In an embodiment using the real-time convergence technique, the processing may further include determining whether the solution has converged. It may be determined whether the solution has converged after each iteration of the relaxation operation. In the alternative, it may be determined whether the solution has converged after a predetermined number of multiple iterations of the relaxation operation.
As an option, it may be determined whether the solution has converged by calculating errors. Such errors may then be summed or evaluated by various techniques after which it may be concluded that the solution has converged if, for example, the sum of errors or the greatest error is less than a predetermined amount. If it is determined that the solution has converged, the processing may be repeated using an incremented parameter value of the equation, for example a time value.
The foregoing and other aspects and advantages are better understood from the following detailed description of a preferred embodiment of the invention with reference to the drawings, in which:
The computer 1400 may also include a secondary storage 1410. The secondary storage 1410 includes, for example, a hard disk drive and/or a removable storage drive, representing a floppy disk drive, a magnetic tape drive, a compact disk drive, etc. Computer programs, or computer control logic algorithms, are stored in the main memory 1404 and/or the secondary storage 1410. Such computer programs, when executed, enable the computer 1400 to perform various functions. Memory 1404 and storage 1410 are thus examples of computer-readable media.
In one embodiment, the techniques to be set forth are performed by the hardware graphics pipeline 1406 which may take the form of any type of hardware. Such hardware implementation may include a micro-controller or any other type of application specific integrated circuit (ASIC). More information on one exemplary embodiment of the hardware graphics pipeline 1406 will be set forth in greater detail during reference to
Once rasterized, the fragments are processed by a pixel processor portion 1504 which is coupled to the rasterizer 1502. Despite the term “pixel processor” 1504, it should be noted that such portion processes texture fragments and/or pixels. Such processing may include, but is not limited to texturing, shading, texture coordinate perturbation, etc. More information on one exemplary embodiment of the pixel processor portion 1504 will be set forth in greater detail during reference to
Of course, any of the foregoing components of the hardware graphics pipeline 1406 may or may not be configurable in any desired fashion. Further, the various techniques to be described herein may be implemented in any one or more of the components of the hardware graphics pipeline 1406, per the desires of the user.
With continuing reference to
A system and method may thus be provided for computing partial differential equations in the foregoing hardware graphics pipeline. Initially, input is received in the hardware graphics pipeline. Next, the input is processed to generate a solution to a partial differential equation utilizing the hardware graphics pipeline. More information regarding a specific implementation of such technique will be set forth during reference to the following figures.
Initially, boundary conditions are received in operation 202. These boundary conditions may take the form of textures or geometry. As an option, the geometry may include polygons, vertex data, points, and/or lines. More information on the form of the input will be set forth in greater detail during reference to
Next, a solution to a partial differential equation is calculated in operation 204 utilizing a relaxation operation involving the boundary conditions and the discrete grid of values representing the state of the equation. As an option, such relaxation operation may be selected based on the partial differential equation. In the context of the present description, a relaxation operation may include the filtering or smoothing of grid values. More information regarding an exemplary relaxation operation will be set forth during reference to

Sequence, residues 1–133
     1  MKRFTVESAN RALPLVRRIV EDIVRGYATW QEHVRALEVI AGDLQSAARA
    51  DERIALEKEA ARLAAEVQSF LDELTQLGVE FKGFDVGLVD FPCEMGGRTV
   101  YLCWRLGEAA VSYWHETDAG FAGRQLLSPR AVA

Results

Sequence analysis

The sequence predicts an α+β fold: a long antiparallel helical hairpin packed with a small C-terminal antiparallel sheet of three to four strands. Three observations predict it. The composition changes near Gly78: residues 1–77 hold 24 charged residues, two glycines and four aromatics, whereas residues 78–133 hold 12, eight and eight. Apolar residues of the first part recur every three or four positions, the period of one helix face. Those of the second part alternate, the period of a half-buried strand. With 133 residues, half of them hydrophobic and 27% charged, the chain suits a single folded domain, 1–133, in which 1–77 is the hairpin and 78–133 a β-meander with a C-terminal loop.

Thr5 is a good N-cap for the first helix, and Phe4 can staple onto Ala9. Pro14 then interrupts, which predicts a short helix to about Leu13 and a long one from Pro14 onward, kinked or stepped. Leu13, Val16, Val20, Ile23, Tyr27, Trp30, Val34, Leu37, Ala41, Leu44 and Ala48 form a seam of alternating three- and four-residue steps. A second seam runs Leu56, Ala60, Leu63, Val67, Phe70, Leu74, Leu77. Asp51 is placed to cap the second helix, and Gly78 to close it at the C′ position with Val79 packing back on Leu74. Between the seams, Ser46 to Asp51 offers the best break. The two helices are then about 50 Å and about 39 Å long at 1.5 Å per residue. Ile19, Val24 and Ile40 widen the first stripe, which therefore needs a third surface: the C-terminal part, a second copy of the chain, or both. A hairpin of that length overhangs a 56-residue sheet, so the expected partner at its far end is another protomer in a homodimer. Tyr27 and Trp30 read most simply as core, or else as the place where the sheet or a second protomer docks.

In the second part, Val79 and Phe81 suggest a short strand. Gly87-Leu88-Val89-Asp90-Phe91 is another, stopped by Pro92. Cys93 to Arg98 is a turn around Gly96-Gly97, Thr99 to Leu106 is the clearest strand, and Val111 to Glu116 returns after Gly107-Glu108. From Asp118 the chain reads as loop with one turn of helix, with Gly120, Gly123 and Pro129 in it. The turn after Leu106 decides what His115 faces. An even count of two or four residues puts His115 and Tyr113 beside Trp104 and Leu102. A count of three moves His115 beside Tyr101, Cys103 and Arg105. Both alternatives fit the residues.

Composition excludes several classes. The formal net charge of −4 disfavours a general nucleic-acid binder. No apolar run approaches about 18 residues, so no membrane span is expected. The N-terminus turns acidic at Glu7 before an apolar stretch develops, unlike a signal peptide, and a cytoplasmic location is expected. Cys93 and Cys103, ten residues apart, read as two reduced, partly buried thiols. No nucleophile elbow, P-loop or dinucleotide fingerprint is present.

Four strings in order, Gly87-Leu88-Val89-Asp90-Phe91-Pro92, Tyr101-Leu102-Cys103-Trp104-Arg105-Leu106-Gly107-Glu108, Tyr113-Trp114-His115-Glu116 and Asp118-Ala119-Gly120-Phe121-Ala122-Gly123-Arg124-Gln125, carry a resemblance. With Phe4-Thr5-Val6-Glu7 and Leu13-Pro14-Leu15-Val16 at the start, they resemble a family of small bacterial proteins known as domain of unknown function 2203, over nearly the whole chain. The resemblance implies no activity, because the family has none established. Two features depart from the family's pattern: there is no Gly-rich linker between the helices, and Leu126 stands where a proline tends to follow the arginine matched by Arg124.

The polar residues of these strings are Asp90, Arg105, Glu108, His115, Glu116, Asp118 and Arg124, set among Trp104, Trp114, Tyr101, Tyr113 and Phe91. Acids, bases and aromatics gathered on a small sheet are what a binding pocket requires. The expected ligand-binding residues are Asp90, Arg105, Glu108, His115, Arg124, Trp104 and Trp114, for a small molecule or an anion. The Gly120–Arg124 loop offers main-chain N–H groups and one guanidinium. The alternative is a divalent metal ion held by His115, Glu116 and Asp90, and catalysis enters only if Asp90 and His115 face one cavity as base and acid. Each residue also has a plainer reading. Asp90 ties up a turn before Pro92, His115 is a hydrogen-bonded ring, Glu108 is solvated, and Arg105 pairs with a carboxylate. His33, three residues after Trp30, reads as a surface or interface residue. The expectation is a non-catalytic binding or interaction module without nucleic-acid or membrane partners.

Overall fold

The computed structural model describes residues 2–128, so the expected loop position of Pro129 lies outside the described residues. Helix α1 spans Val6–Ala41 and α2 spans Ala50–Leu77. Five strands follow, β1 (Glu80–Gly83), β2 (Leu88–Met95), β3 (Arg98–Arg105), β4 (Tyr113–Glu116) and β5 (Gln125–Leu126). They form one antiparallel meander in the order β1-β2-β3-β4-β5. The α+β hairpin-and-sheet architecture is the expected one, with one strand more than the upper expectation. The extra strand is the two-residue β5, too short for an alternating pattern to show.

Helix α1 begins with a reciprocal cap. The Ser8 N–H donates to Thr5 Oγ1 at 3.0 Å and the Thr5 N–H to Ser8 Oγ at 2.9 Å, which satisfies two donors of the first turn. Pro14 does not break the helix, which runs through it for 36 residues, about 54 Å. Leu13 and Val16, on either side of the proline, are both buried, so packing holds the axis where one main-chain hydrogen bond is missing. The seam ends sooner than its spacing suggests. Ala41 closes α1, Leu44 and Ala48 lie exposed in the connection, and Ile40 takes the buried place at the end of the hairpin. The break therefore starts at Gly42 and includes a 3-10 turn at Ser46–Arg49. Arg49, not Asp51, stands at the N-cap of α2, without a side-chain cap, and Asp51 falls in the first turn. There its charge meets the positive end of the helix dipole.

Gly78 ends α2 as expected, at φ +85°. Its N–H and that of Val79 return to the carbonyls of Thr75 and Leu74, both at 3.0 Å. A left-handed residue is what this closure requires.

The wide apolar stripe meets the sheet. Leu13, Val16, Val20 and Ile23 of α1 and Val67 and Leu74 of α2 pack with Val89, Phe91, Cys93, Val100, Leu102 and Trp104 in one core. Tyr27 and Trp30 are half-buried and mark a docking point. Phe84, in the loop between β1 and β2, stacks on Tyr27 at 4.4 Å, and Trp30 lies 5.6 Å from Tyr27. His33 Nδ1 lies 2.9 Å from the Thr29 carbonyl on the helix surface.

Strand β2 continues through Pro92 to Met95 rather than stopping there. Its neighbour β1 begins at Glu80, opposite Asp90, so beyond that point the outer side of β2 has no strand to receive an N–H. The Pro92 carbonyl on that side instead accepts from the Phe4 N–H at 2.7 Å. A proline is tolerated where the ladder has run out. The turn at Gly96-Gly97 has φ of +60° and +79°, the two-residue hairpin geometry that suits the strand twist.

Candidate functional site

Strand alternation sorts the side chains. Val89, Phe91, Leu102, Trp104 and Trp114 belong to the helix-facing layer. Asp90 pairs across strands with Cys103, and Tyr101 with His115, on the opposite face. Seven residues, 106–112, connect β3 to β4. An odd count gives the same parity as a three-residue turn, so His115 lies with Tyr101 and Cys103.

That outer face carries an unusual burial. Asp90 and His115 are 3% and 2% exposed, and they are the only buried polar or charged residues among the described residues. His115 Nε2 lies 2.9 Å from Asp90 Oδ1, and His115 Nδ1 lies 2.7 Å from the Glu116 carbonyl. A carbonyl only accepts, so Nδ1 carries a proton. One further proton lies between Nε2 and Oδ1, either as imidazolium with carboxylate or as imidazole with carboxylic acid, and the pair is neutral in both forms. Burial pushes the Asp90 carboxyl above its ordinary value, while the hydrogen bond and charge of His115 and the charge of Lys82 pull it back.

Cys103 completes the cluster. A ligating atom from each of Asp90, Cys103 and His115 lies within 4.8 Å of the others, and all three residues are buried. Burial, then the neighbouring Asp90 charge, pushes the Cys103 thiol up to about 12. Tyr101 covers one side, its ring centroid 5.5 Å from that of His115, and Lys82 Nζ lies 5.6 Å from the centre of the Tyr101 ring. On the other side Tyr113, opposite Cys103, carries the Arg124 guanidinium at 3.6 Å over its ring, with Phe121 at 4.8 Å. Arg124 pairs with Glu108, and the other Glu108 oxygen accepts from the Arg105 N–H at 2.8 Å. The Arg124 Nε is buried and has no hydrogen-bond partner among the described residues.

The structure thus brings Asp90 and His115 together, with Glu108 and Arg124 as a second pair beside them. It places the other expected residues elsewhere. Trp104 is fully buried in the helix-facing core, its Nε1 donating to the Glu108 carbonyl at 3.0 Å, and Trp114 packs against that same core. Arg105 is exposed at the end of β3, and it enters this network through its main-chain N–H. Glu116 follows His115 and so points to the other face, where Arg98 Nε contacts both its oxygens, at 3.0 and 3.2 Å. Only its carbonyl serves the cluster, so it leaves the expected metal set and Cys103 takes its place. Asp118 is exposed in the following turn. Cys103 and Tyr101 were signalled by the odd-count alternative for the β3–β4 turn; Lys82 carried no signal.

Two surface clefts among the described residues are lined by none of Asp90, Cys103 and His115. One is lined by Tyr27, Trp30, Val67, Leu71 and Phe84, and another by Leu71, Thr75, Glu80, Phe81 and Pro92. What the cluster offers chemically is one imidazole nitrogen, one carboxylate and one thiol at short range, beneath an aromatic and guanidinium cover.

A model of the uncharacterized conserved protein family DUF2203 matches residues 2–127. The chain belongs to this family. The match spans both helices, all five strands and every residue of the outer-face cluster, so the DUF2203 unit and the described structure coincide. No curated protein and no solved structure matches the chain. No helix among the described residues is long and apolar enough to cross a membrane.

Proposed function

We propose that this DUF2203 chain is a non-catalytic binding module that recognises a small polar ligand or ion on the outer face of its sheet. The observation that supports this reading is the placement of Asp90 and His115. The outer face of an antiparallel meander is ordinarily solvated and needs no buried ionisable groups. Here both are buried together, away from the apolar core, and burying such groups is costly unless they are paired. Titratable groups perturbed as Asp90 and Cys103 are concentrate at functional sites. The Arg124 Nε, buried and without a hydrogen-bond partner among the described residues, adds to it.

As an option, the boundary conditions may take the form of a local area of textures. Such local area of textures may be generated by sampling a texture map. Further, the local area of textures may be filtered. This may be accomplished utilizing a plurality of programmable and/or non-programmable filters. Moreover, such filters may include a plurality of elements. More information regarding an example of such filtering will be set forth hereinafter during reference to
In use, the relaxation operation may be repeated during the course of multiple iterations. Such number of iterations of the relaxation operation may be calculated prior to the processing or via a real-time convergence technique. In the context of the present method 200, a convergence technique is utilized.
It is then determined, in decision 206, whether the solution has converged. If the solution has not converged, as determined by decision 206, the computing and determining operations (204 and 206, respectively) are repeated. See line 207. In an alternate embodiment, it may be determined whether the solution has converged after a predetermined number of multiple iterations of the relaxation operation, instead of after each iteration. If the solution has converged in decision 206, the solution may be utilized in operation 208. More information as to how it is determined whether a solution has converged will be set forth during reference to
As an option, the number of iterations of the relaxation operation may be reduced using a combination of restriction and prolongation operations. In the context of the present description, a restriction operation may include the mapping and filtering of grid values onto a grid of lower resolution, and a prolongation operation may include the mapping and filtering of grid values onto a grid of higher resolution.
Next, one or more parameters of the partial differential equation may be adjusted in operation 210. Such parameters may include a time value or any other suitable parameter of the equation. It may then be determined whether the present method is finished in decision 212. If so, the foregoing operations may be repeated using the incremented parameter values, as shown. If not, however, the present method 200 is terminated. At any step of the method, the state of the equation may be visualized by the user. Such visualization may be rapid and inexpensive as the state is held within the hardware graphics pipeline.